WebHeader_Grove.png
Play Live Radio
Next Up:
0:00
0:00
Available On Air Stations
Support independent journalism with your sustaining membership.
NH News
Some Facts About New Hampshire’s Infrastructure:New Hampshire has approximately 17,000 miles of state and town roads, turnpikes and interstate highways. There are 3,795 bridges in the state. As of 2010, the New Hampshire Department of Transportation plowed more than 800 lane miles of roads and put down 180,000 tons of salt for snow and ice control annually.The state was given a “C” grade by the American Society of Civil Engineers for the condition of its roads and bridges. New Hampshire was rated among the worst in the country for the poor condition of its bridges by Transportation For America. On average, bridges are older in New Hampshire than those in the rest of the country. There are hundreds of bridges on the so-called “red list,” which means that the bridges have major structural problems and need to be repaired or replaced.The state also has a poor record when it comes to public transportation. New Hampshire has no comprehensive rail system and is rated 42nd in terms of investment in public transportation according to the State Department of Transportation.The majority of New Hampshire’s infrastructure funding comes from vehicle registration fees and gas taxes. The state takes out fewer bond loans than other states and considers its funding a “pay as you go” system. The gas tax, the lowest in New England, has not been raised since 1991. The 2011 Legislature did away with a motor vehicle fee increase. That change has meant more $30 million a year in cuts to DOT.The $800 million expansion of I-93 from Salem to Manchester began in 2006, but has been delayed several times because of a lack of funding. Supporters of the expansion say it will update one of the country’s most congested highways and bring needed tourism revenue to the more isolated and less economically robust northern part of the state. Traffic on I-93 has increased 600 percent since the highway was built in the 1960s and approximately 80,000 cars now drive on it each day.Summary provided by StateImpact NH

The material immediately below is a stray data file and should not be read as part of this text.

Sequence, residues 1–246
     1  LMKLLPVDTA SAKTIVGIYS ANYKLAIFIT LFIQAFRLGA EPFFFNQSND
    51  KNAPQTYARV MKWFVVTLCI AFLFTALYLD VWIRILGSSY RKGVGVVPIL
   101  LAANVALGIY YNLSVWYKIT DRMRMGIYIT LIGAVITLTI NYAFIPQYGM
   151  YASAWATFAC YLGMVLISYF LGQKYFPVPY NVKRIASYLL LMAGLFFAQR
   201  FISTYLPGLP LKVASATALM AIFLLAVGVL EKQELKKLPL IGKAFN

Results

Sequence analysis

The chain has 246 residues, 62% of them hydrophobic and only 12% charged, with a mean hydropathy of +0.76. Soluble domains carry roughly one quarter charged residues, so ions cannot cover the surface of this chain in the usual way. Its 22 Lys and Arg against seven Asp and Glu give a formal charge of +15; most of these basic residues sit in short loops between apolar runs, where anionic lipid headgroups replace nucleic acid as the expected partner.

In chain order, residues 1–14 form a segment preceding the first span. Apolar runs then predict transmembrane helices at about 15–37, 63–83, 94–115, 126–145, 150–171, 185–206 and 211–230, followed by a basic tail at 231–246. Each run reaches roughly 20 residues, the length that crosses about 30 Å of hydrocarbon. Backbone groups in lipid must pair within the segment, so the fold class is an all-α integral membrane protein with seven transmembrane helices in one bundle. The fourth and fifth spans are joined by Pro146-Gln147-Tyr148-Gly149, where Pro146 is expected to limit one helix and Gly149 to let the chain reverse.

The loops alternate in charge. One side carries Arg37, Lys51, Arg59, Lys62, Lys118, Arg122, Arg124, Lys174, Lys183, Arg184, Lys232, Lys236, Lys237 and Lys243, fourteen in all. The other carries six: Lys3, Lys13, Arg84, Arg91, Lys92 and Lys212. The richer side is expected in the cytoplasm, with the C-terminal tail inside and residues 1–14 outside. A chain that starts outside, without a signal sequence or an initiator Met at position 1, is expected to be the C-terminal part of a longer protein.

NASCAR Is Back In New Hampshire; Heavy Traffic To Follow

9324215036_ba1ed7b41f_k.jpg
Logan Shannon
/
NHPR

It's NASCAR weekend in New Hampshire, and the state is expecting an influx of race fans over the weekend.

Over 100,000 people and more than 37,000 vehicles will head to New Hampshire International Speedway for Sunday afternoon's New Hampshire 301 stock car race, part of NASCAR's Sprint Cup series.

That means heavy traffic along route 106 as well as Interstates 93 and 393, especially after the event.

To accommodate the traffic the state has, in the past, turned some northbound stretches of I-93 into temporary southbound lanes.

But Bill Boynton of the Department of Transportation says thanks to recent road improvements, that won't be necessary this year.

"We're going to be able to go with three lanes southbound, all on the southbound side, using the southbound shoulder," Boynton says. "That should be more efficient; it should be safer."

One driver that won't come through Loudon this weekend is Dale Earnhardt Jr.

The NASCAR star has withdrawn from the race after experiencing "concussion-like symptoms."  

You make NHPR possible.

NHPR is nonprofit and independent. We rely on readers like you to support the local, national, and international coverage on this website. Your support makes this news available to everyone.

Give today. A monthly donation of $5 makes a real difference.